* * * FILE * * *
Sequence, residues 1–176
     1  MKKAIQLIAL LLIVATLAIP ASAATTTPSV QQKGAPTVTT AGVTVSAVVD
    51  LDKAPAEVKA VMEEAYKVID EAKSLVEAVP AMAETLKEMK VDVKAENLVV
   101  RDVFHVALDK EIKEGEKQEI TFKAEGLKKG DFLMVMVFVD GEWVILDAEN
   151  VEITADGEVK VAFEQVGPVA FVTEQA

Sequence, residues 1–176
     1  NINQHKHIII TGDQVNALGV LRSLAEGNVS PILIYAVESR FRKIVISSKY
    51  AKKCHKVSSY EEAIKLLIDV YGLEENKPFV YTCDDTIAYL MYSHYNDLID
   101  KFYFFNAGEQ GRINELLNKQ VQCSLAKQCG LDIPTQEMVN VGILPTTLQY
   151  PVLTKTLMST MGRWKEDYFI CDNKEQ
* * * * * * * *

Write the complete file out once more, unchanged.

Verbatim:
Sequence, residues 1–176
     1  MKKAIQLIAL LLIVATLAIP ASAATTTPSV QQKGAPTVTT AGVTVSAVVD
    51  LDKAPAEVKA VMEEAYKVID EAKSLVEAVP AMAETLKEMK VDVKAENLVV
   101  RDVFHVALDK EIKEGEKQEI TFKAEGLKKG DFLMVMVFVD GEWVILDAEN
   151  VEITADGEVK VAFEQVGPVA FVTEQA

Sequence, residues 1–176
     1  NINQHKHIII TGDQVNALGV LRSLAEGNVS PILIYAVESR FRKIVISSKY
    51  AKKCHKVSSY EEAIKLLIDV YGLEENKPFV YTCDDTIAYL MYSHYNDLID
   101  KFYFFNAGEQ GRINELLNKQ VQCSLAKQCG LDIPTQEMVN VGILPTTLQY
   151  PVLTKTLMST MGRWKEDYFI CDNKEQ